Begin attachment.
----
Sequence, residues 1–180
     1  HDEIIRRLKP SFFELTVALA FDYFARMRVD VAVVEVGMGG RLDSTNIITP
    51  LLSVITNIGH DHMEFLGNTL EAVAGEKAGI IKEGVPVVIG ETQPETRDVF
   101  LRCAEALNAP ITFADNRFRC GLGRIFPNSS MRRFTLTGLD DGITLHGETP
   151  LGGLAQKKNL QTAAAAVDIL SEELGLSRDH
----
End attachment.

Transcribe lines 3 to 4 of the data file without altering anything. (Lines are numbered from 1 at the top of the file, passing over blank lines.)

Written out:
    51  LLSVITNIGH DHMEFLGNTL EAVAGEKAGI IKEGVPVVIG ETQPETRDVF
   101  LRCAEALNAP ITFADNRFRC GLGRIFPNSS MRRFTLTGLD DGITLHGETP